Before the lights go down, cast members amble on to the stage and take their seats facing the audience. As the overture begins, they inflict every crime inflicted by audiences worldwide, from answering a mobile phone to wrapping a noisy sweet-wrapper. At the same time, the tensions between the characters of Mozart’s opera begin to be laid bare, as Giovanni pushes Leporello aside to get his own hands up his neighbour’s skirt. Gerardo Garciacano, a charismatic performer and suave singer, portrays the Don as a man who appears to be willing his own destruction by the audacity and outrageousness of his deeds. His sidekick, meanwhile, played with real zest and crisply sung by Morgan Moody, is a man desperate to follow his master’s success with women but never succeeds – the very final image of the evening is of the remaining characters regaining their ‘theatre’ seats and Leporello once more trying his luck with Elvira with a surreptitious hand on the knee, to a fearful, warning stare from the other four remaining characters.

Don Giovanni (Gerardo Garciacano) scatters the Commendatore's ashes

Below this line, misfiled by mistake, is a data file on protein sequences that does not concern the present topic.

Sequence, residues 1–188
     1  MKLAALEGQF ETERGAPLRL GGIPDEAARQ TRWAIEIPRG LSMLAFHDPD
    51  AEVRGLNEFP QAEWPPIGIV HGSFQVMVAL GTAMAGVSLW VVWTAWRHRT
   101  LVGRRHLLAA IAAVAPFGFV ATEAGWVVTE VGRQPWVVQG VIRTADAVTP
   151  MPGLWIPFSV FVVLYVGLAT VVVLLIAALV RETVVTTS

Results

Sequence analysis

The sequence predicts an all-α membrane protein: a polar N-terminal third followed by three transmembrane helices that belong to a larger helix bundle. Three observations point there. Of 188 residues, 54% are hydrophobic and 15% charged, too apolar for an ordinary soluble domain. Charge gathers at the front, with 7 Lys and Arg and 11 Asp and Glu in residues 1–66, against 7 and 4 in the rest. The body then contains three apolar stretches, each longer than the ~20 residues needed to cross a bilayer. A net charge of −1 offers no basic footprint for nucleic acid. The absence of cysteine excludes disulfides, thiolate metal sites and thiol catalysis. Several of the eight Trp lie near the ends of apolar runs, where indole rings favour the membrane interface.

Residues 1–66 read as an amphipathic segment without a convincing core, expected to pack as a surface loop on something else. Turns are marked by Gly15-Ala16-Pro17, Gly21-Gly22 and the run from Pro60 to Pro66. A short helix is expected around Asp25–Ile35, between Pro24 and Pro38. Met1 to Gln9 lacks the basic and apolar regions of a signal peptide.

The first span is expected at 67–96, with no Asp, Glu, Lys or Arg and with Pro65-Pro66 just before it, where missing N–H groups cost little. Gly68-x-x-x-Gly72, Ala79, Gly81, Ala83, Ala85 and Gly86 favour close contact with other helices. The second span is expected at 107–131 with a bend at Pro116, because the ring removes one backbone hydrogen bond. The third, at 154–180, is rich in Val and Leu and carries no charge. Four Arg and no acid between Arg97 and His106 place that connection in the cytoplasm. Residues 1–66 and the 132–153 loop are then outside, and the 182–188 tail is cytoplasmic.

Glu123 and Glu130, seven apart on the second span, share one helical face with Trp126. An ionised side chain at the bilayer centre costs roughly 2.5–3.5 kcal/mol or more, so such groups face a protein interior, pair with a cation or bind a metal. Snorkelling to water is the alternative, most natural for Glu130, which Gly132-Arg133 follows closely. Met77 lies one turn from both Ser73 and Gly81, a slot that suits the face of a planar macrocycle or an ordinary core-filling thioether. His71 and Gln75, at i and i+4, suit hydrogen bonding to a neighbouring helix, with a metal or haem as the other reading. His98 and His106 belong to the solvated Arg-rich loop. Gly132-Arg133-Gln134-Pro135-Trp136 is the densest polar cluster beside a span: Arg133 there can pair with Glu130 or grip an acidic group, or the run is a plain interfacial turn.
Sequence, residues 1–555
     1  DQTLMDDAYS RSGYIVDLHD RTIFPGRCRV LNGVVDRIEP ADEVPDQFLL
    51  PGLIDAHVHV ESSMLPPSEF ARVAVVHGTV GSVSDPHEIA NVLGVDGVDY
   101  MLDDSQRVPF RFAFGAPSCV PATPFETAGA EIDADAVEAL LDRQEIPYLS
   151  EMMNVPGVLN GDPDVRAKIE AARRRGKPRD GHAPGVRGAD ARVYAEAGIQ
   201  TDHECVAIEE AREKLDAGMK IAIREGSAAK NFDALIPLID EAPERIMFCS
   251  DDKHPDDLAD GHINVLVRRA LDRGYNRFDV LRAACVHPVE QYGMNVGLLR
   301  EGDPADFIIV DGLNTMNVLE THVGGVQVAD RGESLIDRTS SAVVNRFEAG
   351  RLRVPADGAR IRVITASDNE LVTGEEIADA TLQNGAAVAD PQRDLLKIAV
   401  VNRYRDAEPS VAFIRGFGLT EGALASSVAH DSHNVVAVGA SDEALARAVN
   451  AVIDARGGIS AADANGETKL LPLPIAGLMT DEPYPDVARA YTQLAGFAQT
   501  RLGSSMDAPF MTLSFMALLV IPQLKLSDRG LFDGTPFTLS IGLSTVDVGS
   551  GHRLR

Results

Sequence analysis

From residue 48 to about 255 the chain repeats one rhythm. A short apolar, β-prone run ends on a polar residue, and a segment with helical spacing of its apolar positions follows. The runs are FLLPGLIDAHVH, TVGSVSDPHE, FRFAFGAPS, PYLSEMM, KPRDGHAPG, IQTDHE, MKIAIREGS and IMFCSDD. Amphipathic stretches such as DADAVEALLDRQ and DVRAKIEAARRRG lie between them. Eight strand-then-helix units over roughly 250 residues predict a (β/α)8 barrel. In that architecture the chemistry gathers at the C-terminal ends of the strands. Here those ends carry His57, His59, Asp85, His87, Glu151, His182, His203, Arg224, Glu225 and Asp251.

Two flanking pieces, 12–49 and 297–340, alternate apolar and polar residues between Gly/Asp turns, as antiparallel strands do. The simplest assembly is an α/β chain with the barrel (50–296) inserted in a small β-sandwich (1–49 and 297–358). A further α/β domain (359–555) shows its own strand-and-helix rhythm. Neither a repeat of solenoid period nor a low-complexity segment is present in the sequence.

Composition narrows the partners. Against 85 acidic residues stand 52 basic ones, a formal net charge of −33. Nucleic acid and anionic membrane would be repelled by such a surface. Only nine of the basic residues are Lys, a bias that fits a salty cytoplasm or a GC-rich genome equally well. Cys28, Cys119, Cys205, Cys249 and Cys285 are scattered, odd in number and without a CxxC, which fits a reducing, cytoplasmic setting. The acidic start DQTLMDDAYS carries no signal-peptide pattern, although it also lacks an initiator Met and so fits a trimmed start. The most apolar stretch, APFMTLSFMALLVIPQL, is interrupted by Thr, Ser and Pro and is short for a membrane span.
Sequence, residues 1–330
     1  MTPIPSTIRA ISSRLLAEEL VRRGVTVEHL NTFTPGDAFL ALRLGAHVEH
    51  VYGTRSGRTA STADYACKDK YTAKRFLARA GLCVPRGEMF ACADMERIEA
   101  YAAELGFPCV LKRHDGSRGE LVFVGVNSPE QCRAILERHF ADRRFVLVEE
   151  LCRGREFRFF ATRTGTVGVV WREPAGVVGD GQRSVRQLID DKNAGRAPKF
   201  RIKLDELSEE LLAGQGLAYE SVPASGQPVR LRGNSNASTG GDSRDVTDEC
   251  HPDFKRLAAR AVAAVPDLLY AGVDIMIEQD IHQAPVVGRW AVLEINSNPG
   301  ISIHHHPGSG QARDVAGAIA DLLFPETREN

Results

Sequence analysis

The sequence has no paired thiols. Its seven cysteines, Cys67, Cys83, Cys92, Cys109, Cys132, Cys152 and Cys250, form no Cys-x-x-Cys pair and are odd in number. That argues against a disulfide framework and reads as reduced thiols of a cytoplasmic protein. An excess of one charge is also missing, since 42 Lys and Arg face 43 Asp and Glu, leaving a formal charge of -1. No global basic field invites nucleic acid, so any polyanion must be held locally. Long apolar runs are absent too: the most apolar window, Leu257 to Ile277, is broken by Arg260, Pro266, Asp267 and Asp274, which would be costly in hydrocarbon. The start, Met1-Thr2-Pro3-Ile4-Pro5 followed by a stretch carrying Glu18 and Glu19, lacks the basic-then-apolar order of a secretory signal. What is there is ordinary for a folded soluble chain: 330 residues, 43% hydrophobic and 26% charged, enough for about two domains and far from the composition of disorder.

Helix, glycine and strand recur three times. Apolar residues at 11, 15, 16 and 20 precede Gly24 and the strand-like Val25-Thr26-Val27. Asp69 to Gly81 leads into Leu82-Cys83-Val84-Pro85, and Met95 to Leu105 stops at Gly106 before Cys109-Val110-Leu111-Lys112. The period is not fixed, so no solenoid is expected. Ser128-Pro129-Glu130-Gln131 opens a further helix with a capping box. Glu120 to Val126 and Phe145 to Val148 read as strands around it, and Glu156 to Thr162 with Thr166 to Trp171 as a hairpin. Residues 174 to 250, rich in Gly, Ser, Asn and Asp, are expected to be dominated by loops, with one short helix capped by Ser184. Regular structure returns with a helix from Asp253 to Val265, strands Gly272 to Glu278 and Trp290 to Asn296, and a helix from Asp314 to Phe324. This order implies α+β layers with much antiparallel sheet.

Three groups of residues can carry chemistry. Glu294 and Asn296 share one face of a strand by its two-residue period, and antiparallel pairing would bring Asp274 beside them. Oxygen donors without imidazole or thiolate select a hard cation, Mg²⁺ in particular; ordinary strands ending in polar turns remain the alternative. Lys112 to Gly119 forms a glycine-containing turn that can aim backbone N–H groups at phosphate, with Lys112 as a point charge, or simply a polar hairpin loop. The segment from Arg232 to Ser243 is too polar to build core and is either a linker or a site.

For his new production of Don Giovanni, Dortmund’s Intendant Jens-Daniel Herzog has stripped Mozart’s ‘dramma giocoso’ back to the essentials. There’s little in the way of scenery: in a striking reversal, the orchestra is placed behind a gauze on the stage and the raised pit area becomes the stage, with a ramp extending right up into the stalls. With little more than some red-plush chairs, party paraphernalia, two doors and spiral staircases for entrances and exits, and a few requisite props, the action is brought right in among the audience. The loss may be a slightly unconventional orchestra/singer balance, one that takes a little getting used to (the continuo takes a corner of the forestage), but the gains are immense in the immediacy of the dramatic performance. Otherwise, the staging is more effectively taut than simply conventional. Apart from a ghostly extra apparition of the Commendatore haunting Giovanni at the end of the Act I party scene and the climax in which instead of a vision of the fires of hell the six wronged avengers plunge knives into Giovanni’s back as he attempts to dispel Anna’s father’s ghost by emptying his urn of its ashes, the emphasis is more on tight portrayal and interaction of character than gratuitous intervention. There are some telling details of characterisation, such as Ottavio’s obvious discombobulation when the Don gives him a prolonged smacker on the lips to silence him – an act repeated in the final moments where Giovanni kisses each avenger in turn before they set upon him.